Several states, including Virginia, hope to rub out failing grades with waivers. Some are questioning Education Secretary Duncan's authority to grant such waivers.
Virginia failed because the test was unfair, says State Superintendent Patricia Wright of the state's far from adequate 2011 Adequate Yearly Progress scores.
Sixty-two percent of Virginia schools landed on the the No Child Left Behind blacklist for failing to meet the law's benchmarks, according to the results released Thursday. At least 86 percent of a school's students had to show proficiency on state reading tests, and 85 percent had to pass state math tests for the institution to succeed under the law this year. Twenty-nine of the state's 132 school divisions also failed.
The Virginia Department of Education on Thursday issued a statement calling for an overhaul of NCLB.
“Accountability is not advanced by arbitrary rules and benchmarks that misidentify schools,” Wright said.
Virginia is not the only state unhappy with the controversial federal law. Secretary of Education Arne Duncan had called the law a "slow-motion train wreck" and a handful of states --among them Montana and South Dakota -- have refused to continue raising testing targets as NCLB requires, despite warnings that doing so could cost them millions of dollars in federal aid.
The target passing rates for standardized tests -- the same for all student subgroups -- increase each year to meet the federal law’s goal of 100 percent proficiency in math and reading by 2014.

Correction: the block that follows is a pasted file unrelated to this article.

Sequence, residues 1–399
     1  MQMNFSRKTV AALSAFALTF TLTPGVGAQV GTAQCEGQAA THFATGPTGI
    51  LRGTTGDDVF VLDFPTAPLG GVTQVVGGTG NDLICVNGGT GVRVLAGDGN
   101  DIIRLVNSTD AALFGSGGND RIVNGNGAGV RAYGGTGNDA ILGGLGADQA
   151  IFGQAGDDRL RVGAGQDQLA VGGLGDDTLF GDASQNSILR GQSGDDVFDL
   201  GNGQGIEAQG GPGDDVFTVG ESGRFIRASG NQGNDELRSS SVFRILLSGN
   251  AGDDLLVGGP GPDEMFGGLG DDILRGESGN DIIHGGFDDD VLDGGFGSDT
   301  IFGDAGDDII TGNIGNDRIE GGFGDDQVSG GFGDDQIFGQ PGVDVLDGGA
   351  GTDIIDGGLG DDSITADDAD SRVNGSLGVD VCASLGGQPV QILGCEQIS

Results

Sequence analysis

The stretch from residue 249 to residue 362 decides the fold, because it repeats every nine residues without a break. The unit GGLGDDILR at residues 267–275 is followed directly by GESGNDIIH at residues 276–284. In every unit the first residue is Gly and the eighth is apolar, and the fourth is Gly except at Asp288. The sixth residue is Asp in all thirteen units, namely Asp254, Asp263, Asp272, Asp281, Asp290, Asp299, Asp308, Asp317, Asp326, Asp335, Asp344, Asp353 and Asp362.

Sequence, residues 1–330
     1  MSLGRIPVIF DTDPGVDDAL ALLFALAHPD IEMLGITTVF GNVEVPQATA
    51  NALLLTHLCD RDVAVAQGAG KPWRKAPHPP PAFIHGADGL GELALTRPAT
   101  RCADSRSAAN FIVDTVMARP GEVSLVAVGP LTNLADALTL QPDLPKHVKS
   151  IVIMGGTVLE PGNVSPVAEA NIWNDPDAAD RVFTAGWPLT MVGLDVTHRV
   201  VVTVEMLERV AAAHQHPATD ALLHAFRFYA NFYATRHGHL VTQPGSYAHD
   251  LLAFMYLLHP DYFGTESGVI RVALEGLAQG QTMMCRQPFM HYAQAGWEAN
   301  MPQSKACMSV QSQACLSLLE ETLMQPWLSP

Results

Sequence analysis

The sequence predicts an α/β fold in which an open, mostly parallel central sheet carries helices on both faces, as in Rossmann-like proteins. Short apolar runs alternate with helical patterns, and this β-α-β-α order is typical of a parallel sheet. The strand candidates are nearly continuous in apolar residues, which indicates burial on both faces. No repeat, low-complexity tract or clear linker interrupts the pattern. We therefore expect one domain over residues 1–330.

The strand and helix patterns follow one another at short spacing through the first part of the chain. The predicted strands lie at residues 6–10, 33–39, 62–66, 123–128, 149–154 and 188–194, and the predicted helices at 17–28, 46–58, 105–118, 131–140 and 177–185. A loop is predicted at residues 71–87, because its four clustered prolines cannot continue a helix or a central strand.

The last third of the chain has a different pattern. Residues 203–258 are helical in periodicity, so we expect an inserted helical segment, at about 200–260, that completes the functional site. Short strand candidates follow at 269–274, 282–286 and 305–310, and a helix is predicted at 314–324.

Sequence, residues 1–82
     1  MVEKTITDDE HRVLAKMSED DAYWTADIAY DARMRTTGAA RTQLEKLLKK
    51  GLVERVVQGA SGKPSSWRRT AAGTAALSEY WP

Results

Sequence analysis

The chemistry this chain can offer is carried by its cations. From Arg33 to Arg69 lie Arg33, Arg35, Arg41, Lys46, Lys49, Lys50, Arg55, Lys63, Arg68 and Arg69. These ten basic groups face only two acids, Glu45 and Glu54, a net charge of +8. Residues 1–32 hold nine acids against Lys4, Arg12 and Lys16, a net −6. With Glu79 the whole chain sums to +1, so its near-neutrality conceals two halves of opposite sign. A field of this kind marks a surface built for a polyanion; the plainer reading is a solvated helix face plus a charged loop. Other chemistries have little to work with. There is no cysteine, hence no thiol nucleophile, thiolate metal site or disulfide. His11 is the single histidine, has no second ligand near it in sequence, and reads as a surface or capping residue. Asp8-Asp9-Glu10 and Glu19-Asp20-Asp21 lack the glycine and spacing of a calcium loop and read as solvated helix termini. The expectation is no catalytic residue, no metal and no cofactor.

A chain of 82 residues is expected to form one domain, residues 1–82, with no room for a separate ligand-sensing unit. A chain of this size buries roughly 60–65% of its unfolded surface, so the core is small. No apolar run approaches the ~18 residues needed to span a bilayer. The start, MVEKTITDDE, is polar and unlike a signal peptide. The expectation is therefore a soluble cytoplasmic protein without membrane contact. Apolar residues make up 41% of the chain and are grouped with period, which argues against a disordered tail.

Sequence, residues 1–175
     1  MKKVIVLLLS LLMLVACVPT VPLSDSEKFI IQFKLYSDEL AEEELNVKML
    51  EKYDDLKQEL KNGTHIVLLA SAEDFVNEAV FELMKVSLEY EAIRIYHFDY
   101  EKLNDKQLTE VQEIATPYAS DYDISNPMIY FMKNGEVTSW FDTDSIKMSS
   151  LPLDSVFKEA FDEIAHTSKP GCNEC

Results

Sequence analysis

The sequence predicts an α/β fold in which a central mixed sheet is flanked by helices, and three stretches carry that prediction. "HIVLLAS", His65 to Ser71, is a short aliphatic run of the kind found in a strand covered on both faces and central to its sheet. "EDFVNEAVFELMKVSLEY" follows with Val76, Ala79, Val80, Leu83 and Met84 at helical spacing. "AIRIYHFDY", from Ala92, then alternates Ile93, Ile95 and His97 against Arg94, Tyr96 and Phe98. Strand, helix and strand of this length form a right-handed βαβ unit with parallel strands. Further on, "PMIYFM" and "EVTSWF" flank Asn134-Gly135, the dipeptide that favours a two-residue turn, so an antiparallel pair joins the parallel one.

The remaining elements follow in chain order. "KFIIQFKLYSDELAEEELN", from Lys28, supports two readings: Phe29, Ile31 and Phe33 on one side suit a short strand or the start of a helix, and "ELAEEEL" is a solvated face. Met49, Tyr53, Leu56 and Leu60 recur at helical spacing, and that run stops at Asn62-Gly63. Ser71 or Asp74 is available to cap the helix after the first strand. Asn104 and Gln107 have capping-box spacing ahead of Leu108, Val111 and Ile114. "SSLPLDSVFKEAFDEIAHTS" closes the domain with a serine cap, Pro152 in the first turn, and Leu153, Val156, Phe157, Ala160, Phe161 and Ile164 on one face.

“While this is a laudable goal -- and one we must continue to strive toward -- it is not a basis for a workable accountability system,” said Wright in the release.
States will soon be allowed to apply for relief from the sanctions placed on schools that are labeled as failing, according to a Monday announcement by Duncan.
Wright said she will recommend that the Virginia Board of Education apply for the legal waiver, which is intended to give the state time to set up a new accountability system.
“During the coming weeks, I will begin a discussion with the state board on creating a new model for measuring yearly progress that maintains high expectations for student achievement, recognizes growth -- overall and by subgroup -- and accurately identifies schools most in need of improvement.”
Duncan says he is still devising the waiver plan and will make details available in September.
The law’s weaknesses have undermined education reform, he told the Washington Post earlier this month.
“The states are desperately asking for us to respond."